It’s different when it’s right in front of you. You think about your life. About all the things you still want to do. About the people you could be leaving behind. And you ask why. You ask why a lot.
There are many kinds of crying. The kind you do when you are by yourself in a cold hospital room, unable to fall asleep and telling God that you don’t want to die, is as ugly as it gets.
Most Americans spend so much time striving, trying to be successful, trying to climb further up the ladder. Trying to achieve. Trying to give our lives meaning. It all fades away in that moment, when all you are left to grapple with is what you really believe about life and death.
It doesn’t matter who you are, or what you have done, or how much medical care your money can buy. We all have to face that moment. It’s the only moment when every person on Earth is truly equal. We come into this world with nothing and leave it the same way.
A lot of those long nights of the soul have happened for me at the T. Boone Pickens Cancer Hospital in Dallas. Pickens started as an oil-and-gas man and became a billionaire business tycoon. He’s best known nationally for being the booster who spent so much money that he turned Oklahoma State football into a powerhouse. You can’t go anywhere in Dallas without seeing his name. I used to play basketball at the T. Boone Pickens YMCA, and I would drive by the T. Boone Pickens Hospice & Palliative Care Center on my way to work. He passed away in 2019, and it’s hard not to see his giving as a way to cheat death. Maybe he wouldn’t be around in the future, but his name would be. It’s the same reason U.S. presidents build libraries to celebrate their legacies, and we carve their faces into mountains.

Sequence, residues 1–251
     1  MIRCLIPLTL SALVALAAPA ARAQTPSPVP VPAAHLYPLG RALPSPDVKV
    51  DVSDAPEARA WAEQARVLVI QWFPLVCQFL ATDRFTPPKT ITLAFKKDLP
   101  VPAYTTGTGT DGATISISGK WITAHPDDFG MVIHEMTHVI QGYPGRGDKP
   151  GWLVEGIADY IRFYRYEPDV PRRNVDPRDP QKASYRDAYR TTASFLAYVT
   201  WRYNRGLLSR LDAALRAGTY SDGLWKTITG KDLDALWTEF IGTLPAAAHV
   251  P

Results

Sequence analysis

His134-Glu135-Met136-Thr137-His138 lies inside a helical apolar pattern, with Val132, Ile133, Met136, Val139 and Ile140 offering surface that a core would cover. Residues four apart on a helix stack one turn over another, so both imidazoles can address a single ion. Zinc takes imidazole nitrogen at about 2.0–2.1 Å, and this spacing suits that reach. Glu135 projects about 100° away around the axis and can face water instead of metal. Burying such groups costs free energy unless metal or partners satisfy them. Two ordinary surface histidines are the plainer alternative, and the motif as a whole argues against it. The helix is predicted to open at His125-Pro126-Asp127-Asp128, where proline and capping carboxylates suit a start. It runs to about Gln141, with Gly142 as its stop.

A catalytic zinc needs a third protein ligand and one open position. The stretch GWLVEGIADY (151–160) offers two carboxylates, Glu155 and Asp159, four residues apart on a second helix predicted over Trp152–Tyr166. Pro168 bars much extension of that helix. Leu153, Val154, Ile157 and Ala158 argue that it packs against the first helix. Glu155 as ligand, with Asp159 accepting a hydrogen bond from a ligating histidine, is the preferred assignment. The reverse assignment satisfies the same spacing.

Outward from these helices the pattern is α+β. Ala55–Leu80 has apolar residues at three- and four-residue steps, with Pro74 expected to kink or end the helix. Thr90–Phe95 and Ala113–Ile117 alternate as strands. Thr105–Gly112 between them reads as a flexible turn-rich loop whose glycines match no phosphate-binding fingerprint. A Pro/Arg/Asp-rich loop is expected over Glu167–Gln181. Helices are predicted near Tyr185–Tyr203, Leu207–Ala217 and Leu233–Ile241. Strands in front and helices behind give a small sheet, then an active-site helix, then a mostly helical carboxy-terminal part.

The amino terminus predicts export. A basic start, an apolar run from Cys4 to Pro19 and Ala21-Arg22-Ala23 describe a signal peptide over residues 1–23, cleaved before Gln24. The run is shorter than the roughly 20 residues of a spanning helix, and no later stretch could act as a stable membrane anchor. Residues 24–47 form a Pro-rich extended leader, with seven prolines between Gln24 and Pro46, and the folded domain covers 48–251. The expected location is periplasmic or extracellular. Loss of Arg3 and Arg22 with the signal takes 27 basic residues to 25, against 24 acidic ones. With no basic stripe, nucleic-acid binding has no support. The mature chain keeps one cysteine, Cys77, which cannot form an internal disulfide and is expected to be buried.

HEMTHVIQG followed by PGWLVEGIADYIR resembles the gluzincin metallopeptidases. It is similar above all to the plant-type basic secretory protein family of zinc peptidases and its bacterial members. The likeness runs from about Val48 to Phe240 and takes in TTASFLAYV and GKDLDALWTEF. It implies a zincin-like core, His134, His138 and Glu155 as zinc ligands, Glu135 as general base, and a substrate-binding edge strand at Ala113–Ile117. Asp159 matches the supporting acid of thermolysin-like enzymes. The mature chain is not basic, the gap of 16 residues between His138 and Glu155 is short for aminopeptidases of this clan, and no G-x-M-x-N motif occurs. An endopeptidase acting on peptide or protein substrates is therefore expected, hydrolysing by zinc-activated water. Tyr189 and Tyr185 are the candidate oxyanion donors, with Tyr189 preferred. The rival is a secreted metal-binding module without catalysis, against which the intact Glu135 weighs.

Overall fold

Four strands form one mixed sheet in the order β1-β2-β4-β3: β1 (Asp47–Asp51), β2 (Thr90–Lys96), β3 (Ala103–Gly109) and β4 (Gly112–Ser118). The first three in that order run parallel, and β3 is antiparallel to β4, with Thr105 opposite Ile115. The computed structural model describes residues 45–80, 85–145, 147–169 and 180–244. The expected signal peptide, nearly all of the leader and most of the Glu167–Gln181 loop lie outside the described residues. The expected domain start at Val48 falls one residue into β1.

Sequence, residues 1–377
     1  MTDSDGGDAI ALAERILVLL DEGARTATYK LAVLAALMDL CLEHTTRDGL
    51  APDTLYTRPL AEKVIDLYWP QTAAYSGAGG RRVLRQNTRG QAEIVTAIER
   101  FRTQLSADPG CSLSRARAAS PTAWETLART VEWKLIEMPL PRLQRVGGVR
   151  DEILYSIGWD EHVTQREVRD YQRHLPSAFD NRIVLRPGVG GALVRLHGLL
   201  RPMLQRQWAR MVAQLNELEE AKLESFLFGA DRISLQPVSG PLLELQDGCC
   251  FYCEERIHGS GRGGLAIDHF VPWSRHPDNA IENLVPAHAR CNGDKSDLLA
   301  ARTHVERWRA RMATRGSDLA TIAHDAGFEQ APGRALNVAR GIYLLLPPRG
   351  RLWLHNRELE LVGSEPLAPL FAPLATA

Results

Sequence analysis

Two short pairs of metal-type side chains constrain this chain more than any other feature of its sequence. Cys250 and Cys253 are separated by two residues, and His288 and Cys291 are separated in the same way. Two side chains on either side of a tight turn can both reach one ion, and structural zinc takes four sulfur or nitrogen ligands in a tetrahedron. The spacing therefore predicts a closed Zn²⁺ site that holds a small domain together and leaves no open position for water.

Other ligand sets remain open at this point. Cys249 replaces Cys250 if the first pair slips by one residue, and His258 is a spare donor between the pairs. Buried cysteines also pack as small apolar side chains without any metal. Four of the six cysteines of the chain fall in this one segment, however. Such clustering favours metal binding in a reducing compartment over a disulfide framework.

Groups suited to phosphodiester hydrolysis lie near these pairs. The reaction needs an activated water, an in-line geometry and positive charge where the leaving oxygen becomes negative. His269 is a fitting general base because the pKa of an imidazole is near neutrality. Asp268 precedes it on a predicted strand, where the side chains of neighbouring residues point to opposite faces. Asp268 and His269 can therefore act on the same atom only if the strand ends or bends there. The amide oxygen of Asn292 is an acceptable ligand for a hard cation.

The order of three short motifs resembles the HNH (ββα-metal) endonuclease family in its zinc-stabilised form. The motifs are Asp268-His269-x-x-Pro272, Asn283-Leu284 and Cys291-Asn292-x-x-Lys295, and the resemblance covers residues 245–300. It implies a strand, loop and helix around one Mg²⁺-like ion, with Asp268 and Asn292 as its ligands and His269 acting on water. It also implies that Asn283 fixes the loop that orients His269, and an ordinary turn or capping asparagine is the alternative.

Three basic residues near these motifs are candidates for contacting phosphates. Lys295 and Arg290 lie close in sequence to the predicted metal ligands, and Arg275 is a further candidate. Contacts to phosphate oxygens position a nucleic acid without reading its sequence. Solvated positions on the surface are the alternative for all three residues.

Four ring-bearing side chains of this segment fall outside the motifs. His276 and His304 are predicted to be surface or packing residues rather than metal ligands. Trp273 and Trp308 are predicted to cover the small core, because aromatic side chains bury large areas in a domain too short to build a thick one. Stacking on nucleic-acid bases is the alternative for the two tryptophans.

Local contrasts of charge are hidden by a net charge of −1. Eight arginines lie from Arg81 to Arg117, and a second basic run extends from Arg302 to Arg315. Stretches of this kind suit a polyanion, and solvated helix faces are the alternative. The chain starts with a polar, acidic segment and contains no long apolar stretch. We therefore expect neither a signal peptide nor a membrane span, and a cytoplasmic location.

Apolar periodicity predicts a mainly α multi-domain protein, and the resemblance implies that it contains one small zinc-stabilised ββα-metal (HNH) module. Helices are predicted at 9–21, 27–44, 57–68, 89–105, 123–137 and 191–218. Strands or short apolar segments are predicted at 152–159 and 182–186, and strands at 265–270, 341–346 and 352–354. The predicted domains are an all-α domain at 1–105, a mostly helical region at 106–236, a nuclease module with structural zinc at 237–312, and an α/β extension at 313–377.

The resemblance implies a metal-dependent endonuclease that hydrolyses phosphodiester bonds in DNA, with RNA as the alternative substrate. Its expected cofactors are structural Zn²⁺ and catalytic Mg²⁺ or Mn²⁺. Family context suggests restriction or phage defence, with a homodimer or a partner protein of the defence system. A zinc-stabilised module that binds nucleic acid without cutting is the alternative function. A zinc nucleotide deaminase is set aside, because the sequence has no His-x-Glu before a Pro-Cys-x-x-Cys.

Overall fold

I just don’t know how much any of that means to T. Boone now, wherever he is.
Many people don’t believe that he’s anywhere. That this life is all there is. Maybe they are right. But that doesn’t bring any comfort in the long night of the soul.
So what does?
I go back to that last night in Gethsemane. The last thing Jesus says to God is “Yet not what I will, but you will.” (Mark 14:36.)
He gives up control.
The reality is that none of us ever had any control of our lives in the first place. I had no control over getting cancer. It just happened. Nor do I have any control over how the months of chemotherapy will go.
It reminds me of something else Jesus said: “Can any one of you by worrying add a single hour to your life?” (Matthew 6:27.)
Worrying about death does me nothing. All I can do is believe and have faith that there’s some point to all this. That God is watching after me and my family, even if it doesn’t seem like it sometimes.
The latest diagnosis is that I have a BCOR-CCNB3 sarcoma, a type so rare that my oncologist, a sarcoma expert, had never heard of it. It’s in the family of Ewing’s-like sarcomas, but it’s not Ewing’s. It was discovered only in the past decade. Both my doctors and I are flying blind.
I don’t know when the long night of the soul will come for me again. I just know that I will turn to my faith in that moment. It won’t let you face death without fear. But it’s the only thing I’ve found that helps.